July is Minority Mental Health Month, a designated time to raise awareness about how culture, race, and background impact mental health.
Just this week, an IVMF and Military Times COVID-19 poll revealed that during this pandemic, minority veterans report a higher percentage of resource needs – including mental health resources.
With an increasingly racially and ethnically diverse military population (recent reports show as much as 31% of the United States Military is non-white, with about 17.1 percent identifying as Black or African American), it’s more important than ever that we understand how to effectively reach and serve these minority veterans.
This begins with recognizing that while anyone can experience a mental health condition, background and identity can make access to care much more difficult.
Unfortunately, it’s well documented that non-white and in particular, African-American and Black veterans, experience discrimination and disparities in many aspects of their military and veteran experience. For example, numerous studies have identified disparities in mental health diagnoses, access, and outcomes for minority veterans and service members, including:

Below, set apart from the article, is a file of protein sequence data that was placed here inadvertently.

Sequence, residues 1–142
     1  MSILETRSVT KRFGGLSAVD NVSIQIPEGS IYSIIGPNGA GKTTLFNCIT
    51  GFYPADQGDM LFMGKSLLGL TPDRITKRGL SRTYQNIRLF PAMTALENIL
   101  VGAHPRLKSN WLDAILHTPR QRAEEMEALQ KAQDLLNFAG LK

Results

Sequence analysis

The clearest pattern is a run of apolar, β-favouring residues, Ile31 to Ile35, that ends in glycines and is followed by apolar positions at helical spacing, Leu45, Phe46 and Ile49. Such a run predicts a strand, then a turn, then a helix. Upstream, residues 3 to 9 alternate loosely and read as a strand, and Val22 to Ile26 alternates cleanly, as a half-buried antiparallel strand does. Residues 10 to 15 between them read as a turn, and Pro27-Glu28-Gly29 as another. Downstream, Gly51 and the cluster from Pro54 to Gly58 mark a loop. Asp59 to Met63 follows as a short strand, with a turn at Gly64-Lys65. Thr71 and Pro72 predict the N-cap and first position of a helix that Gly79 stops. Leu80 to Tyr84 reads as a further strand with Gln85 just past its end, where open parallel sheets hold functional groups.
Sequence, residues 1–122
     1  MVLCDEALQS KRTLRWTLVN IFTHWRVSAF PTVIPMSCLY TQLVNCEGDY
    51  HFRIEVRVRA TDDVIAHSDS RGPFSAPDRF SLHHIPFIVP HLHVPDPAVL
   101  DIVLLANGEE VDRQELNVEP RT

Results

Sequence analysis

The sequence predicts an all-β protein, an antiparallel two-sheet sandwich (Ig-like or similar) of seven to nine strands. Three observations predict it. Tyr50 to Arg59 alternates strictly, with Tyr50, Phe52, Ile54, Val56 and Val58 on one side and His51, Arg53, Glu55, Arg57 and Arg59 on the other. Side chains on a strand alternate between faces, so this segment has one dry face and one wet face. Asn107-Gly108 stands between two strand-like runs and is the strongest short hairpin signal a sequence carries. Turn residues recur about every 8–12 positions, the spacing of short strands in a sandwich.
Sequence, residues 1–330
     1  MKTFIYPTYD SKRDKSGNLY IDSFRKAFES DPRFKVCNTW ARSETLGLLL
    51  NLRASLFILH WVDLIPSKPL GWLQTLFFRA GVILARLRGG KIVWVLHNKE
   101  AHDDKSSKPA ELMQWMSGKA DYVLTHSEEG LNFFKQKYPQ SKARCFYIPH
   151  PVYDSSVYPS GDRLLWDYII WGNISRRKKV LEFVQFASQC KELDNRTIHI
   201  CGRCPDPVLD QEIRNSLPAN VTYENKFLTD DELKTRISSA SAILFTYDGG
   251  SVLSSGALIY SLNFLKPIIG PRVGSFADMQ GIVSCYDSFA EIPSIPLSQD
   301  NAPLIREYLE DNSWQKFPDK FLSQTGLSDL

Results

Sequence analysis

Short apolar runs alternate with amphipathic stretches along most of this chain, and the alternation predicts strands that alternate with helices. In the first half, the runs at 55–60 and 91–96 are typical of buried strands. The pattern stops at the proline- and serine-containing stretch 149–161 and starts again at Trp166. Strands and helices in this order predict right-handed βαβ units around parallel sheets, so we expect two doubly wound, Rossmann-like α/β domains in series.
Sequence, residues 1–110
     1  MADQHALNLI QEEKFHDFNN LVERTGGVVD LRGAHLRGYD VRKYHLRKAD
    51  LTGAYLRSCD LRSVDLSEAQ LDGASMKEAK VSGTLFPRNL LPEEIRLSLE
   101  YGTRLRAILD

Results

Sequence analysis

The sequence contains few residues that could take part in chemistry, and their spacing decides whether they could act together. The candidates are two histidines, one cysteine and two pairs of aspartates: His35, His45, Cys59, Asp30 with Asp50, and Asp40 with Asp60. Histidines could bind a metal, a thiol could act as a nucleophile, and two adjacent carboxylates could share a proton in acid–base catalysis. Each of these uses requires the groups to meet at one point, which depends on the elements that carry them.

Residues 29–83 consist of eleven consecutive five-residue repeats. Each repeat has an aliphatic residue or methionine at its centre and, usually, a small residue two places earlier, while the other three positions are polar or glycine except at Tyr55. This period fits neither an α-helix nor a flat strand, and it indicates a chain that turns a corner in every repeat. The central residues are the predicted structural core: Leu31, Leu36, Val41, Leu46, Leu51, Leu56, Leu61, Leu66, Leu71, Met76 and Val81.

- Non-white veterans are more likely to experience military sexual trauma when compared to their white counterparts
- Black veterans of the wars in Iraq and Afghanistan are less likely to be screened for PTSD
- Minority veterans are more likely to develop PTSD, despite era of service.
- Racist environments may increase the likelihood that African American veterans will experience PTSD symptoms
- African American women may be less likely to respond to trauma-focused interventions standard in PTSD care
- Black veterans have been shown to receive substantially lower service connection ratings (and therefore disability support) for PTSD when compared to White veterans
These findings are concerning and critical to address. At Cohen Veterans Network, our vision is to “ensure that every veteran and family member is able to obtain access to high-quality, effective care that enables them to lead fulfilling and productive lives. In order to provide effective care for minority veteran populations we must continue to adapt our treatment to acknowledge the impact racial, cultural and ethnic differences have on the effectiveness of certain interventions. We are committed to breaking down all barriers to care – this includes acting proactively to address these disparities.
By Danielle Besuden, MSSW, LICSW
Manager, Clinical Programs, Cohen Veterans Network